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Re: Protoavis?

Jeffrey Martz wrote:


>      Currie and Zhao do not explicitly state whether or not they
> consider _Protoavis_ to be a theropod, but one of thier opening statements
> are highly suggestive: "Although _Protoavis_ has characters suggesting
> avian affinities, most of these are also found IN THEROPODS [boldface
> mine], which considerably weakens the claim that it is a bird." (p.2243)
>      They later go on to say "Comparison between the braincases of
> _Troodon_ and _Protoavis_ does suggest that they are amazingly similar for
> animals seperated by 160 Ma."  They mention strong similarities between
> the brains; both have pretty big brains, an enlarged cerebellum that
> shifted the optic lobes ventrolaterally, and also has a large floccular
> lobe.  The inner ear is also pretty similar and bird-like in both: "both
> have marked differentiation of the canalicular systems and the cochlear
> process.  The vestibular region is relatively small and located in a
> ventral position to most of the anterior and posterior semicircular
> canals.  The anterior semicircular canal is significantly longer then the
> others.  The cochlear process is a relatively long, vertically oriented
> tube"(p.2244) , but also... "_Protoavis_ seems to be less bird-like then
> _Troodon_ in having only a single exit for the trigeminal."(p.2244)
>       There is a pretty extensive list of other (presumably bird-like)
> similarities between _Troodon_ and _Protoavis_, and the authors finish the
> section off with: "The braincase of _Protoavis_ is remarkably like that of
> a troodontid, and in our opinion has a few unique avian characters.  The
> latter would include the streptostylic quadrate and reduction in size of
> the olfactory lopes, but the characters are not robust enough to identify
> _Protoavis_ as a bird."  Draw your own conclusions, but there it is.
>       As far as _Unenlagia_ being more readily accepted then _Protoavis_
> in spite of its arguably more fragmentary condition, I don't consider this
> to be as unreasonable as you make out.  With the dinosaur-bird connection
> already very well established by many decent theropod specimens, another
> theropod with additional _Archaeopteryx_ like features is not as
> incongruous to the overall apparant pattern of bird evolution as
> _Protoavis_.

I don't have any specific comments on this, just some ramblings that the
above seemed a good jumping-off point for.  I'm no anatomist, so much of
what Currie and Zhao say might as well be in Esperanto.  However, the
more I hear about _Protoavis_, the more it puzzles me, on a variety of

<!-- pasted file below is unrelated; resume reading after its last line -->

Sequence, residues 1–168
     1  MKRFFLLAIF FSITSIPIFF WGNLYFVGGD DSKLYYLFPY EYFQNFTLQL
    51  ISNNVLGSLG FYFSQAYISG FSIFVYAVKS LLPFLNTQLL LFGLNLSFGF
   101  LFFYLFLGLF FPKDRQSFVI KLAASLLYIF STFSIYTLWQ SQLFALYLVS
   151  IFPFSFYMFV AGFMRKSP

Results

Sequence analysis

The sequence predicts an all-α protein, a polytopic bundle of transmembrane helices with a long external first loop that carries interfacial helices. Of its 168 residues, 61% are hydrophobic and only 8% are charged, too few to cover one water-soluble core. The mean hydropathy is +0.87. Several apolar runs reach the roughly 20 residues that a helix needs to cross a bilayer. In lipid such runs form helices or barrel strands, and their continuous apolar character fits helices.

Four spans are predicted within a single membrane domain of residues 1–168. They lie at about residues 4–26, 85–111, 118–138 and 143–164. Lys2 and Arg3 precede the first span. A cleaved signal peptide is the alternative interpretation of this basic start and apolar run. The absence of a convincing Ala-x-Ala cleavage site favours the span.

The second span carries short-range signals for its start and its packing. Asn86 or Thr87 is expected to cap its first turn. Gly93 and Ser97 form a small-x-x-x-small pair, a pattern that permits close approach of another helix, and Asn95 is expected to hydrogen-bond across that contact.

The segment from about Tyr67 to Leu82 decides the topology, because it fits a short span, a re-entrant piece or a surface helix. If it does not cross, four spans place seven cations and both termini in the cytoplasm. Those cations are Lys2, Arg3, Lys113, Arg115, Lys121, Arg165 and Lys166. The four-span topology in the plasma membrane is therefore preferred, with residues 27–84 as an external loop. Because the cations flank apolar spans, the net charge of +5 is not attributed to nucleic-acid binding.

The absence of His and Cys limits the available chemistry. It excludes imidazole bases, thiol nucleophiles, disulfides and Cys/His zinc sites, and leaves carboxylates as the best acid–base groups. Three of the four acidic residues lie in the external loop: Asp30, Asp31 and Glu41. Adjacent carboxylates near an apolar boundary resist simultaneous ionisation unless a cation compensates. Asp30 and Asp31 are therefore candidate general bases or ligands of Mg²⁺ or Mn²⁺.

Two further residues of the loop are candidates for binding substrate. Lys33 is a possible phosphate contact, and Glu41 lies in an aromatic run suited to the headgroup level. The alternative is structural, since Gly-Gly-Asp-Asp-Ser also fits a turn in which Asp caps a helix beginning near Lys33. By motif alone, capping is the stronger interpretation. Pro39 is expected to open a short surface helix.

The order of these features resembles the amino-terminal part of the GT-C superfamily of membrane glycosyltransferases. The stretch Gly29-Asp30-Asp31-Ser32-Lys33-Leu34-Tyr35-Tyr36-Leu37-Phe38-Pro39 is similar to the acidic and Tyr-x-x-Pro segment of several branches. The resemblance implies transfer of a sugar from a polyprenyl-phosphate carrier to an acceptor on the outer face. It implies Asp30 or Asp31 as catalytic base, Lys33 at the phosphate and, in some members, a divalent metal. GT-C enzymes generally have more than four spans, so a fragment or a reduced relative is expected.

levels.  A few specific bits for examples:

* _Protoavis_ is usually reconstructed with the forelimbs held up and
out, like a bird's.  However, if no details of the shoulder anatomy are
known, how do we know which way the arms actually articulated?  They
make sense either as unusually short wings or unusually long theropod

* _Protoavis_ is always reconstructed as a biped.  A bipedal animal
older than six million years can be one of only three things: a
dinosaur, a bird, or some member of a group as yet unknown to science. 
Why is that third possibility never mentioned?  

* Lessem's book KINGS OF CREATION (1992) makes it sound as if Chatterjee
has never actually claimed this animal was a _flying_ _bird_.  At least
back then, Chatterjee apparently saw it as an early stage in avian
evolution.  Chatterjee has never claimed that it was a modern bird, or
even as advanced a bird as Cretaceous ichthyorniths.  As I understand
it, no one else has ever been able to make a detailed study of
_Protoavis_.  Chatterjee's opinion is (or until recently, was) the only
informed one that exists.  So how did the lines get drawn as "it's 100%
bird" versus "it's either a theropod or a chimaera"?  Is there no chance
that _Protoavis_ is, say, a very early scion of the line that led to
maniraptoran dinosaurs and through them to birds?

* The bones of _Protoavis_ were found jumbled into sandstone nodules,
completely disarticulated, which is why some people think it's a
chimaera.  What are the chances that it's reworked somehow from Jurassic

My personal feeling on _Protoavis_ is that it might be a bird, a
theropod, a birdy theropod, or something else -- but if you want me to
accept it as a bird, find me one with feather imprints.  Nothing else is
going to clinch it.

-- JSW